Just so you know, in case there's lots of typos.
Monday, December 31, 2007
Thursday, December 27, 2007
Alternate Title: Flashing the Loot
Sunday, December 23, 2007
Yesterday was my birthday - I'm 29 (no, really). I know what you're thinking: yup, it's darn close to Christmas. Blame my parents. Really, they're serial offenders - my sister's birthday is in a couple of weeks. This time of year's always kind of been my-birthday-Christmas-sister's-birthday all rolled up in a celebratory jumble. We're really close in age, too (a year apart), so we always get cute matchy-matchy birthday gifts. Sweaters, scarves, gloves, one color for me, one for her. It's another little family tradition I'd miss over the holidays if it wasn't there.
Tuesday, December 18, 2007
Wow, you're still here!
It is so weird to go from posting every day to being unable to post for over a week. What the heck should I write about? I couldn't possibly mention all the things that struck me as "blogworthy" during the week, even if I could remember them; it would just be ridiculous. There's new knitting and spinning, but I think that can be its own post. I guess I should just write about the biggest stuff this week: the new job and the weather.
As Stacie noted in the comments, that guy's a keeper.
We got a big fat winter storm or two this week - about a foot of snow on Thursday and another six inches or so on Sunday. The kids were totally excited - and when I say "the kids," I'm including myself. :)
Here's the view from the window Thursday night:
And some Friday morning shots:
The kids got the day off Friday (as did I) so the boys had a lot of fun playing outside. Baby Sister did not really care for playing in the snow, which I guess is understandable when it comes up to your thighs. So I did not get to spend any time in the snow with the boys. Luckily, our backyard has a good-sized hill, so they can sled even if I can't actually take them anywhere. Mostly, though, it's all about the snowballs. I love this picture of Big Brother really putting his heart into his throw:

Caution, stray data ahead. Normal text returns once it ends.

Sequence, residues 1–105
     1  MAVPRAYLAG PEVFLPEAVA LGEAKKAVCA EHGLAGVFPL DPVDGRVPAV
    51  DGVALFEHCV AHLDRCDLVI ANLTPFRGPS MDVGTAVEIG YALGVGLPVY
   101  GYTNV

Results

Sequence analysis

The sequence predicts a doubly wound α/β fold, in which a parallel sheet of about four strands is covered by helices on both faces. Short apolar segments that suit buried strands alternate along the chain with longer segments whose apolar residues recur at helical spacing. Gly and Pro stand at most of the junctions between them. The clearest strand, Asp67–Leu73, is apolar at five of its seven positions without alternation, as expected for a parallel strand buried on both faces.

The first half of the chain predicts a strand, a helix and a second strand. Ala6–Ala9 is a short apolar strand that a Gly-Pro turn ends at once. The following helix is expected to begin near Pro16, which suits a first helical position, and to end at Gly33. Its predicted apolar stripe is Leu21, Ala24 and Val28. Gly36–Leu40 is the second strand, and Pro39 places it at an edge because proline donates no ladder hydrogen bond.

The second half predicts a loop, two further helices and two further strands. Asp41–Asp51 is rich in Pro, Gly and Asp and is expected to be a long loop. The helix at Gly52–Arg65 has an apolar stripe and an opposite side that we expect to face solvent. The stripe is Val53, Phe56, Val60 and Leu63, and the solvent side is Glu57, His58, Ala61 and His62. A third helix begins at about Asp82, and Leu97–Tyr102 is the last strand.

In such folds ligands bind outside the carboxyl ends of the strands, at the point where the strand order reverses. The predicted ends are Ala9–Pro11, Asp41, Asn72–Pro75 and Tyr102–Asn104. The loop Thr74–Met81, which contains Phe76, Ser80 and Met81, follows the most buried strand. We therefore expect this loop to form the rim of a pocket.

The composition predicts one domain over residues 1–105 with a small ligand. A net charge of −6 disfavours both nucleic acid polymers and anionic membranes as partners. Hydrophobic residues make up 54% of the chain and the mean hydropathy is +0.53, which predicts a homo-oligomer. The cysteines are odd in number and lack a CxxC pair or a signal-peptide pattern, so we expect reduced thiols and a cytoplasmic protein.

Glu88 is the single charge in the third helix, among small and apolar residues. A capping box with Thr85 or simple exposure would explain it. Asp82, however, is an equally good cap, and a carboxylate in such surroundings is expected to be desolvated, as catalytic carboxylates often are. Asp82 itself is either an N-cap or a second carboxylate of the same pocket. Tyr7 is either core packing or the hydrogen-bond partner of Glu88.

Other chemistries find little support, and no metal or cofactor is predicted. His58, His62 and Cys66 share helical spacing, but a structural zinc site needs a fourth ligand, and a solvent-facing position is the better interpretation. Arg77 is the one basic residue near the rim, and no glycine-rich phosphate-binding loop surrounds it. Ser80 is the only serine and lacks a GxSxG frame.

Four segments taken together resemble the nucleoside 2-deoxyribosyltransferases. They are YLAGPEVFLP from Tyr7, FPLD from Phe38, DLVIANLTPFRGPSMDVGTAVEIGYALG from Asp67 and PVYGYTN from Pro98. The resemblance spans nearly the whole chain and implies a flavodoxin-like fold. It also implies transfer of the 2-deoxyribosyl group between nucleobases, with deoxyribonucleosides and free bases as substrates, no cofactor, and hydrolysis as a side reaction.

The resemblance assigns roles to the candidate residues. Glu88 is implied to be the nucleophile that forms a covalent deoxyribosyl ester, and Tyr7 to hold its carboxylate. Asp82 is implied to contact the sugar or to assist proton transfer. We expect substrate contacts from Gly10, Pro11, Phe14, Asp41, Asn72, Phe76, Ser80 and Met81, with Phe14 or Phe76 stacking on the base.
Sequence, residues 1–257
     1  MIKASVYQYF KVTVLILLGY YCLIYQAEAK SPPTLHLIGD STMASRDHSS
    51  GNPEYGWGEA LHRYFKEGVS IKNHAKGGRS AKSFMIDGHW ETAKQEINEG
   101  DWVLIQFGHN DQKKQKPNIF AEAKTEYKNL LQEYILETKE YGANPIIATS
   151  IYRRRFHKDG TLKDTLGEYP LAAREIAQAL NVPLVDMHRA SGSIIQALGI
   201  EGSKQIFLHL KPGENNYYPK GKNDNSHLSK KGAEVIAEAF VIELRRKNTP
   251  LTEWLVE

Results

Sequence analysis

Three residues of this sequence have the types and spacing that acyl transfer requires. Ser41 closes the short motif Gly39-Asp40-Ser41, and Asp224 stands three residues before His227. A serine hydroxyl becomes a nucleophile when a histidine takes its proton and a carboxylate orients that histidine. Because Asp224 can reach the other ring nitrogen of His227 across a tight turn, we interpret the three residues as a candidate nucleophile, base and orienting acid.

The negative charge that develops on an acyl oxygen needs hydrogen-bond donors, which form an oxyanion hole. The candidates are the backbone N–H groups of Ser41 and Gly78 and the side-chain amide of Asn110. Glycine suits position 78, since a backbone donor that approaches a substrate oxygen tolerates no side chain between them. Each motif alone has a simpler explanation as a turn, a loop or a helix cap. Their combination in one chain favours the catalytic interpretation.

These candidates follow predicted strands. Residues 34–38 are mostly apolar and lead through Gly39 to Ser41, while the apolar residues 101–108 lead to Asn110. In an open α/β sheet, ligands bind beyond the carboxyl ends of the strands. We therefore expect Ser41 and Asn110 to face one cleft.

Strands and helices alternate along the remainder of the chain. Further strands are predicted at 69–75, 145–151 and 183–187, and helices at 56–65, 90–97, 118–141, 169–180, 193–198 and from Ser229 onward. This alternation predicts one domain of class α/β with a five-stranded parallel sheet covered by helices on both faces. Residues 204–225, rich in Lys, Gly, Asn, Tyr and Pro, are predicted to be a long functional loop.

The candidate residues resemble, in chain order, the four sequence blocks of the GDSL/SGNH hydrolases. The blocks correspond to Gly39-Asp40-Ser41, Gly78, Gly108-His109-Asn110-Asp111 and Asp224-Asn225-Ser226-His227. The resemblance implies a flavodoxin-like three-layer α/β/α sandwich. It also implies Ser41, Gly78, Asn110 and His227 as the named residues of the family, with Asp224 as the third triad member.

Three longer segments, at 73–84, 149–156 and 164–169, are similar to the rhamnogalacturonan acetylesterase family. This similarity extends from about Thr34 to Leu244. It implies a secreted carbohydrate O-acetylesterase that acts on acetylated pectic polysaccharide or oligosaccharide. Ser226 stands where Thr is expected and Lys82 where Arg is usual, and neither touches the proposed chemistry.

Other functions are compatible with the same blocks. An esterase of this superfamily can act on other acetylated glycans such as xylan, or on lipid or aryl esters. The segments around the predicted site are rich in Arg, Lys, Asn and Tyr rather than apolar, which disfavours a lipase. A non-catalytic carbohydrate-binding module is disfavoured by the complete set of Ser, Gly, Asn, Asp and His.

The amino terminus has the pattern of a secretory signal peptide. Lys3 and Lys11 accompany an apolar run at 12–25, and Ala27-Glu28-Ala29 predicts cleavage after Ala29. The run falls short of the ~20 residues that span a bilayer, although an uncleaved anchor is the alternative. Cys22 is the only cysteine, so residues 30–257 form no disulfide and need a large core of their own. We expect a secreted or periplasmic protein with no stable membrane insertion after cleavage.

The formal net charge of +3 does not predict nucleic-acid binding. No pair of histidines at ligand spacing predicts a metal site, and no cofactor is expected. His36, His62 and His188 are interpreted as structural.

I was especially glad for the snowed-in time this weekend after going back to work last Tuesday. It's hard to be away from your kids, even when you know they are in more than capable hands. Especially when you know they are sometimes giving those very capable hands a hard time. . . (I feel I should note: Jess put them up to that.)
The good news is that I do like the new job. It's a little overwhelming at present - these Sylvan people have their own language, I swear - but I think with time it will get easier. Once I understand all the different programs we teach and learn the myriad of acronyms I will hopefully stop coming home at night feeling like I'm brimming with information and if I'm not careful it will spill out my ears. And I must say that as I've been going back and forth between different centers on different days to train, I have yet to meet an unpleasant person. So it's all good. Except for missing the kids, of course.
Monday, December 10, 2007
Oh, yes, there was disaster yesterday. But before that (and after that, actually) there was good stuff. So I'll talk about that first.
In the morning Jess, my mom, and I drove to Fairhaven for a Ravelry brunch at Eva's Yarn Shop. You read that right - a Ravelry brunch. The owner, Eva, opened her doors a couple hours early, discounted pretty much everything for that period of time, and invited the Ravelry mob to come on by, and bring some food. It was such a great thing for her to do, and evidently I'm not the only one who thought so, because the place was packed! I'm sure pictures will be popping up on other blogs soon. The blogs of smart people who remembered to bring cameras.
The store itself was spacious and beautiful and full of yummy yummy yarns. I did not go crazy this close to Christmas, but I did get some Sheep Shop Sheep One in the poetically named G129 colorway. I can't show it to you, but more on that later. I will definitely be going back to this place soon - I'm adding it to my mental list of post-holiday yarn shopping destinations.